County Votes To End State Of Emergency Declaration Over Hepatitis A Outbreak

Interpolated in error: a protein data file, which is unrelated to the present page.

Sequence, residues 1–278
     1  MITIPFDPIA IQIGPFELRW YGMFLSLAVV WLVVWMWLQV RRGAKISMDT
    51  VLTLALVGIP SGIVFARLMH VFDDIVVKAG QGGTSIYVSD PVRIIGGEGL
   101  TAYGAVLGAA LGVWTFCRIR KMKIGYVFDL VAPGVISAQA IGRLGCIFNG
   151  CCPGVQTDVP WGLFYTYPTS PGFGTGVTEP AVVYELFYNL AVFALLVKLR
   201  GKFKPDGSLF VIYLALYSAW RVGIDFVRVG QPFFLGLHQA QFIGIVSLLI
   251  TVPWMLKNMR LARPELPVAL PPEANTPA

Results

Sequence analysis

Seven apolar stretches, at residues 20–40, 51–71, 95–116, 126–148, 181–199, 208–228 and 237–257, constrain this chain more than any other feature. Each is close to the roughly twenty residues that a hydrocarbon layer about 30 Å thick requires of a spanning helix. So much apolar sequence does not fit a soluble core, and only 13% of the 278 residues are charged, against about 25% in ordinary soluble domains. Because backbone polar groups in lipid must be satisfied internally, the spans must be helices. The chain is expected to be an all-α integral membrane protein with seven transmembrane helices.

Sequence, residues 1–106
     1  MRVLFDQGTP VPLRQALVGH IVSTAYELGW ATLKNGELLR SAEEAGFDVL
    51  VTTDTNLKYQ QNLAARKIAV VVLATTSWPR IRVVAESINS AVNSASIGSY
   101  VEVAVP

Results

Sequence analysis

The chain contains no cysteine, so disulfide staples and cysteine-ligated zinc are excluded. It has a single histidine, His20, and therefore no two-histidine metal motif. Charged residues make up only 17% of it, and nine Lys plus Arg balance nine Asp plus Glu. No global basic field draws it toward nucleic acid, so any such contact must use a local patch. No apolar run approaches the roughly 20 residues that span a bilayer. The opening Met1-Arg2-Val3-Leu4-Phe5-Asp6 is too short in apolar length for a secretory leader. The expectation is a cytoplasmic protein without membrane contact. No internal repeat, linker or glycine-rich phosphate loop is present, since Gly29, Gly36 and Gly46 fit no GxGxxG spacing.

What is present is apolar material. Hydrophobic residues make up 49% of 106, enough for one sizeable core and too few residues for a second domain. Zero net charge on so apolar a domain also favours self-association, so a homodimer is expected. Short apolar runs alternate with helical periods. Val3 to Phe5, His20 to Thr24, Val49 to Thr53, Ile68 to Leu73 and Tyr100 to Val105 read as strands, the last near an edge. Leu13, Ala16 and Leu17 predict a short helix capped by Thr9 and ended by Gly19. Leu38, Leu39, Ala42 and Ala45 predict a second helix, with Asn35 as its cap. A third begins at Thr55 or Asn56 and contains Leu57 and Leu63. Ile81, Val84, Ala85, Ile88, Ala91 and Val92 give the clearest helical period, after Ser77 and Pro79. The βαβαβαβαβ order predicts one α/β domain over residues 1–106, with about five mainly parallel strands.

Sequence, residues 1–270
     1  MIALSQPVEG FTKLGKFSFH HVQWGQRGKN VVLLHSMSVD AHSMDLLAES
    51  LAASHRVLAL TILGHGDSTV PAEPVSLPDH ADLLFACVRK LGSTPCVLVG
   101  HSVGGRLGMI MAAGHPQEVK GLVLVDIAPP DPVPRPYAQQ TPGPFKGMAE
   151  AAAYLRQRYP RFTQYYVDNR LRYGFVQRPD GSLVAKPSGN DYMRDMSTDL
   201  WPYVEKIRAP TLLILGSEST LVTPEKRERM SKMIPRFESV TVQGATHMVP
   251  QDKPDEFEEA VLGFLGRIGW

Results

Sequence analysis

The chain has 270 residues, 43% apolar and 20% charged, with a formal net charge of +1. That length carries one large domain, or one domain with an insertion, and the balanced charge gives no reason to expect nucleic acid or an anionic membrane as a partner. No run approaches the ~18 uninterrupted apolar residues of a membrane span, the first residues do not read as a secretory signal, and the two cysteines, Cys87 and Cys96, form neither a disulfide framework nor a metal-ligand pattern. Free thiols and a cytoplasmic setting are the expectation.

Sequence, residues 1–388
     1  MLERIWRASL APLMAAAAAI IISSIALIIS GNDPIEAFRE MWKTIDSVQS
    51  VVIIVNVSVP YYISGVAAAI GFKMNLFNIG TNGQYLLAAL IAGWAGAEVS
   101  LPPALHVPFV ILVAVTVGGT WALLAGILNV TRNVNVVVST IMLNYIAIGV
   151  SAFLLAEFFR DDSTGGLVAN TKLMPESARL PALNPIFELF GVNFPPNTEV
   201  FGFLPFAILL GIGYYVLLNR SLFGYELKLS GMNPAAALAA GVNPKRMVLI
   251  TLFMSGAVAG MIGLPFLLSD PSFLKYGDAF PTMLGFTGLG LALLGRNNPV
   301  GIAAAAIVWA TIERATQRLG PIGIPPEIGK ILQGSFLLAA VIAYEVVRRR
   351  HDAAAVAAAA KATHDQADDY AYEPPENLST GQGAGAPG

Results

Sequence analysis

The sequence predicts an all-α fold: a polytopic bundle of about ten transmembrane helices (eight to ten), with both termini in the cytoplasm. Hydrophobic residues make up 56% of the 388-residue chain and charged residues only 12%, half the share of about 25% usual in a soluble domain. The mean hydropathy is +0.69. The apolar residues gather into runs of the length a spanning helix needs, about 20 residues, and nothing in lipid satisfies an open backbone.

>>> I'm Maureen Cavanaugh in its Wednesday, January 24. Our top story, months of efforts by San Diego County and city health workers to combat the hepatitis A outbreak seems to have paid off. The County Board of Supervisors Tuesday ended the have a emergency health declaration after four weeks without new cases. The death toll from the outbreak stands at 20 with more than 500 confirmed cases since late 2016. The end of the emergency does not mean to have a outbreak is completely over, meanwhile San Diego health officials are dealing with a widespread and deadly flu outbreak. Joining me a San Diego County public health officer Dr. Wilma, welcome back. >> Good morning. >> The state of emergency was first declared in part to draw more attention to the outbreak. What does it mean that the emergency is now over? >> Now that the emergency -- the emergency means that those efforts and all of that focused attention is no longer needed. And we can manage the number of sporadic cases that we make it. But it does not mean that our strategic approach are ending. We will continue to vaccinate, we will continue to sanitize municipalities such as the city of San Diego, and will continue -- we will continue to clean and sanitize streets. We will also continue as a County to provide education to community partners that want to get more information about hepatitis A. >> There are about four suspected hep A cases under investigation right? >> Yes as of yesterday. Things change daily so we can have more. But as of yesterday we made the presentation we had for suspect cases. >> -- And that is in addition to the 577 confirmed or probable cases that we reported. >> County health Dr. said yesterday we could be facing a new normal for hepatitis. What does that mean? >> Will that means that now because the strain of hepatitis A is in our community we could see sporadic cases related specifically to the genotype 1B, that was the type responsible for the outbreak, the non-outbreak cases are usually one a and their travel associated. That is what it means that the new normal will now include a sporadic case here or there of the genotype 1B hepatitis A virus. >> The county spent $10 million on its efforts to stop the hep A outbreak, if this one of the biggest public health efforts you have seen? >> It is, this is the first hepatitis A outbreak that we have seen in the homeless and illicit drug users that is spread through close, person-to-person contact. Previous outbreaks were food related. And once you remove that source, you remove the opportunity for continued spread of the infection. >> You mentioned that even though the health emergency has been lifted, the anti-hepatitis A efforts from the county will be continuing. You said the vaccinations will continue, what other -- this and include hand washing stations and other things the county implemented?, For hand washing stations, specifically we did an assessment in late December on the utility of it. >> We stratified the utility of it for low moderate and high use. 57 of the 160 stations were in use. This continued -- we will discontinue those stations as of the end of this month. And then we will glide slope and discontinue the other hand washing stations by the end of February. Keeping in mind that the jurisdiction, we met with them last week, to explain the process, those jurisdictions that have high and moderate use may choose to continue a hand washing station. >> Doesn't removing them make it more likely that another outbreak might happen?, For hepatitis A, we feel -- >> For hepatitis A we feel we have 85 to 95% vaccination for it so it is unlikely we will have another outbreak in this population. There could be a group of individuals that might have relocated here that we have not vaccinated, but for those individuals that have been vaccinated, having another outbreak is probably unlikely because they are protected with vaccination. >> Meanwhile San Diego is saying it's worst flu season in 20 years. What are the latest figures from today?, We are saying the number -- >> We are seeing the not -- the number of cases decreasing but was on uptake of influenza -like illness is in the mitt -- in the emergency room by 2%. We will continue to monitor that over the next several weeks to see if that is going to peak again. We did peak at 11% several weeks ago. But the other indicators, the number of cases are declining, we are seeing the greatest number of deaths that we have seen in any recorded flu season. But this is a severe season so that is not only happening San Diego, it is happening throughout California as well as well as nationwide. And I want to indicate that we do a very good job and really aggressively identifying the number of deaths. The deaths that the state was reported are those deaths that are less than 65 years of age and in particularly those in children. On our website we report all deaths. The number of deaths always lag behind the number of cases that were reported but we have also had a record high number of deaths this year. This week we are reporting I believe over 160 deaths compared to last week. >> So what your reporting is an increase in the number of deaths due to flu and he continues to increase in San Diego but what you're saying, is that you believe that the number of cases has already peaked is that right? >> What we have had one peak. That is why we always say that you cannot say how many peaks or when an till after the season is over because you might see one peak but then you may have another. In prior years we have had two peaks. Last week the IL I was at 7%, this week it is at nine. This might be another peak but we will have to look at the numbers over the next two weeks to see if it will sustain itself. >> I have been peaking with health officer, thank you so much Dr. >> They give for having me. I appreciate it.